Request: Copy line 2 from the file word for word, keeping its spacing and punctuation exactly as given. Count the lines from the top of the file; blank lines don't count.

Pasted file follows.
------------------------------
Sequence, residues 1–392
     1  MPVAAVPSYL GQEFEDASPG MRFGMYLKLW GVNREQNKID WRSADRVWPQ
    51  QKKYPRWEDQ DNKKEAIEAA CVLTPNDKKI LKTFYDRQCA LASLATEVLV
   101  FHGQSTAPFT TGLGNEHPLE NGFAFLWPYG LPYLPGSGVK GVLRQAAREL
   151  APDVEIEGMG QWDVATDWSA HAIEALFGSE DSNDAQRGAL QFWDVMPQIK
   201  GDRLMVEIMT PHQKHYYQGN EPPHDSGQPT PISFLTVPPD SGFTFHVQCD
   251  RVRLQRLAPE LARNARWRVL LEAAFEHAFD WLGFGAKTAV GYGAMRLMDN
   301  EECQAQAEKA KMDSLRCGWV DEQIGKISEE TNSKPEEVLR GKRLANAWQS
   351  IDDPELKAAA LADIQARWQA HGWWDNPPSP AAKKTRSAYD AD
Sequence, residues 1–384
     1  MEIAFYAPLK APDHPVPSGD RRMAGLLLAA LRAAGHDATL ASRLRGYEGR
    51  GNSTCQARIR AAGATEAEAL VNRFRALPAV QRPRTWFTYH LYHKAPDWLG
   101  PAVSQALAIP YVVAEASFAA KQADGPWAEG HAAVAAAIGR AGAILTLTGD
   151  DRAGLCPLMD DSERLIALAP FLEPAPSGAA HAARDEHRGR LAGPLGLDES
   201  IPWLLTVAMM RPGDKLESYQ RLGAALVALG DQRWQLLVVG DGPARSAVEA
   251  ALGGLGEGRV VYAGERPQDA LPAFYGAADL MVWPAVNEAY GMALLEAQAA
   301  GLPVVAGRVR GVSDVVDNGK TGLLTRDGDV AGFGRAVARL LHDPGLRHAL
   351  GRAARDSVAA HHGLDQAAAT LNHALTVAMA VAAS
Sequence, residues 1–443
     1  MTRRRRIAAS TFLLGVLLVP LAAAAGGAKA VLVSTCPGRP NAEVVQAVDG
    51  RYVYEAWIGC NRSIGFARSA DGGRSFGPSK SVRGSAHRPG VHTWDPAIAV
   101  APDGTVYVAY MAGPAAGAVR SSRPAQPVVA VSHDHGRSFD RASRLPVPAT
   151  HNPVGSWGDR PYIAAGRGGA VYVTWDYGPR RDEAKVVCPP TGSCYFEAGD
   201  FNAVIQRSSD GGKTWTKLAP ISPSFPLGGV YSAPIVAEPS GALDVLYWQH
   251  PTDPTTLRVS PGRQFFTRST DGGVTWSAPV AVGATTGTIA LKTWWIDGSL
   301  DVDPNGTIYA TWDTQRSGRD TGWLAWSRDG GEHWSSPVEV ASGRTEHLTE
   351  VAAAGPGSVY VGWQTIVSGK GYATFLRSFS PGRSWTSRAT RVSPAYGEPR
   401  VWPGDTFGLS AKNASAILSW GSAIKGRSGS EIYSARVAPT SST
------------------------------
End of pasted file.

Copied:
     1  MPVAAVPSYL GQEFEDASPG MRFGMYLKLW GVNREQNKID WRSADRVWPQ